Saturday, April 9, 2011

Scribophile Review

For the past few months I have been a member of a social media site called "Scribophile", and I must say its the best writers community on the web. I have been searching for one for literally years now, and It's awesome that such a community exists out there. This post is going to be about explaining what Scribophile is like, and to inspire you to get your ass on there and sign up. This isn't an affliate advertisement either. There is no incentive for me to inspire you to do this, It's simply the best thing I have done for my writing, and I want you to do it too.

Now, Scribophile is a free service, but there is also a premuim section as well. On the free section you can upload two works at a time, and then users will earn "Kharma points" by criticing others works, and the longer, the more points you earn. This is important because you can't get reviews, or post more works, unless you have enough Kharma points. So this give and take process is better for users as it forces people to interact. You also need Kharma points to enter contests, writers circles, and sending private messages.

In the premuim section, which I think every writer who is serious about writing should do, (It's $80 a year, and if this seems steep, then just do a little calculation in your head. How many of you spend that much on a night out on a Friday night, esepcialy if you start drinking while your out? Now, ask yourself how important is your dream? This is the question I asked, and the answer came quite logically, besides, its freaking worth it, let me tell you). Premuim membership allows you to post as much work as you like, it allows you to get deeper insight to your critiques by allowing people to input data about your work, such as how good your characters are, how engaging the plot is, how vivid the imagery is, etc. It also allows you to enter writers circles and contests without the need for Kharma points.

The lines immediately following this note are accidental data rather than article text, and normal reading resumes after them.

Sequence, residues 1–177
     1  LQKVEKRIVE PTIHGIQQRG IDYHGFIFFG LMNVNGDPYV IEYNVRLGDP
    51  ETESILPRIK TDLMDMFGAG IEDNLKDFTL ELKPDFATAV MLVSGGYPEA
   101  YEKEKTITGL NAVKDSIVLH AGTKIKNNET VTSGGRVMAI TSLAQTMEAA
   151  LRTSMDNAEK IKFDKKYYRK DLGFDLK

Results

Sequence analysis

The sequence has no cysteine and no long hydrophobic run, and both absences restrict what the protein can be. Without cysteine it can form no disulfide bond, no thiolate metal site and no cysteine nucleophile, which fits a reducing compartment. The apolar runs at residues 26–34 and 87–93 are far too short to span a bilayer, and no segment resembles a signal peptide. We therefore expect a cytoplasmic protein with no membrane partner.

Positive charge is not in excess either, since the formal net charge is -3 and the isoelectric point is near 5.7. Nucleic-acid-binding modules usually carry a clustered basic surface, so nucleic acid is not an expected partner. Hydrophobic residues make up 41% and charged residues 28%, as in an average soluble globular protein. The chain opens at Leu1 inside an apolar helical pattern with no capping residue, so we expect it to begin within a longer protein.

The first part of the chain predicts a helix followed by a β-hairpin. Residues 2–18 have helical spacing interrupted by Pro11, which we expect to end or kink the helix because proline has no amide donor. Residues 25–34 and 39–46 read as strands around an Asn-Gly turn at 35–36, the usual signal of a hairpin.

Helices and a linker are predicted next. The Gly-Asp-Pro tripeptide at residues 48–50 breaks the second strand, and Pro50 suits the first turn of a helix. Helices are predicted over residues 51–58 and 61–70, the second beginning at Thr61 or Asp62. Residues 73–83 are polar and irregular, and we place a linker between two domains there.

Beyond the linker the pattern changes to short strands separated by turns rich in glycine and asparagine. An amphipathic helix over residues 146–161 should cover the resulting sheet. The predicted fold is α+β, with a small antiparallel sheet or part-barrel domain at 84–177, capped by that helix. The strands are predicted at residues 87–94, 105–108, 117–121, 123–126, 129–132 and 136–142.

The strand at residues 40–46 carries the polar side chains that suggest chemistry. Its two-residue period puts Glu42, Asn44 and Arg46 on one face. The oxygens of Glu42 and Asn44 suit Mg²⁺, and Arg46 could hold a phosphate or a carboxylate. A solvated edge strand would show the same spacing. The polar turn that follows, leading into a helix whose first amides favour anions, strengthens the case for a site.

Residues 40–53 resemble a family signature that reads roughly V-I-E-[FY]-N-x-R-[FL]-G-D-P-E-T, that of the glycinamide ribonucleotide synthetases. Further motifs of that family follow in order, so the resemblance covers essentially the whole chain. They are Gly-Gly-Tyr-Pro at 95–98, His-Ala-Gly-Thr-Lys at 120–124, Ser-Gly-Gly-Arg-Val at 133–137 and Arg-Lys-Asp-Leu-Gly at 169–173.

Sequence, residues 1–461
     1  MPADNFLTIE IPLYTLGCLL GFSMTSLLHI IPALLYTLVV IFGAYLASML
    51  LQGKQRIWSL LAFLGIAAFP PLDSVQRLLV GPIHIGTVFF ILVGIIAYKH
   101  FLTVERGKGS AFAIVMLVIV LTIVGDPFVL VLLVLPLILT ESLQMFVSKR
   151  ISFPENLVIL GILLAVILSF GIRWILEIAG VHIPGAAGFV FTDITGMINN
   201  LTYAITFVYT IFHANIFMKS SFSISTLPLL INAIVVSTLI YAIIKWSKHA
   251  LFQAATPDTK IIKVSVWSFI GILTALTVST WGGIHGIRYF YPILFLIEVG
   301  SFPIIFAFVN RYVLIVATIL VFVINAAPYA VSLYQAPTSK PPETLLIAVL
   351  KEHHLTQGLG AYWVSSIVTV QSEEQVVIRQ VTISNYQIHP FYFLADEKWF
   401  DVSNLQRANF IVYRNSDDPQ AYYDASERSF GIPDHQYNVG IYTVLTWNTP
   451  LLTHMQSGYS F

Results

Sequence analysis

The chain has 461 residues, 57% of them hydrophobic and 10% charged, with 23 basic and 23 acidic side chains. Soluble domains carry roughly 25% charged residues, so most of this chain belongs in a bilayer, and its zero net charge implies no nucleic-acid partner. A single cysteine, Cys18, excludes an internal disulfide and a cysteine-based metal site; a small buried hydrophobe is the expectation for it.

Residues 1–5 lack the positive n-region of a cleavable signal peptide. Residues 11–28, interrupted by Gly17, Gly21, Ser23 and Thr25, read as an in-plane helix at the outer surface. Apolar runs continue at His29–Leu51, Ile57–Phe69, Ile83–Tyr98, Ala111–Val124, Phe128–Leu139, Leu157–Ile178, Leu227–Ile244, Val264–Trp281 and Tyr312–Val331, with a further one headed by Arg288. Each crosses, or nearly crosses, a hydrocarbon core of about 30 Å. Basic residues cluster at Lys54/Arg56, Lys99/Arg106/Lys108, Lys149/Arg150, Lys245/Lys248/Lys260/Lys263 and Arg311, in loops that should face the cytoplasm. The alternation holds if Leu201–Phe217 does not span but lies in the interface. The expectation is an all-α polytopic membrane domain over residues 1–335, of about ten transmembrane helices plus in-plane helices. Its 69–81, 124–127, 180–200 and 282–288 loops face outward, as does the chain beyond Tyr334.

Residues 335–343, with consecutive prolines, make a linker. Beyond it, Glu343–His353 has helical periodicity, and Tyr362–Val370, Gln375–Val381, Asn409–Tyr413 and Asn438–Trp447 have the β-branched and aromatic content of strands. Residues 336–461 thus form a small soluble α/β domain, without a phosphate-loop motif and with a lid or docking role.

Now below is what the main dashboard looks like. It has a facebook feel for it, and shows you your karma points, reputation, the number of citiques others have liked of yours, if others have critqued your works, view your private messages and look at your wall, (yes they have a wall like Facebook where other writers can post).
The writers circle is a feature I really like. It allows you to create private groups for your niche, and invite people in so that you can develop a mini critique circle. I am going to create one soon about dystopian novelists, so if you’re interested just send me a comment and sign up!

I think these critique circles are essential in becoming a published author. Even the most seasoned authors submit to critique circles, so get use to the process.

There is also a blog on there, where featured writers post great articles on the writing craft. So really, it is an entire writing community and will tremendously help your writing craft. If you feel this is for you, then pop over to Scribophile and sign up. I just want to stress I am no way shape or form associated with any Scribophile creation or management, I'm simply a user who thoughts its great value for any writer out there.

Have a good day. I know I will. I'm finally back from my Indian backpacking trip, and am currently chilling in the south of Sweden before hitting up the UK again. Least I won't get sick anymore!


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  1. Thanks for this review! I've been over at ReviewFuse for a while, but I am not 100% happy with it, so I am looking for another online writing group. It is nice to know that you think the premium version is worth the money.

    1. Hey Celeste, in view of the fact that your comment was posted about a year ago, I wonder if you are now in a position to evaluate Scribophile as it relates to ReviewFuse. I'm new to online writing websites but I am trying out ReviewFuse. You would save me a lot of time -- and possibly money -- if you would let me know which one you prefer.

      Many thanks in advance.


  2. If you're serious about the writing game then I highly recommend it. You can start out as a free user and get a feel for it over time, but if you're a serious writer, and not starving, and can afford a little investment then I think its a pretty wise choice to make.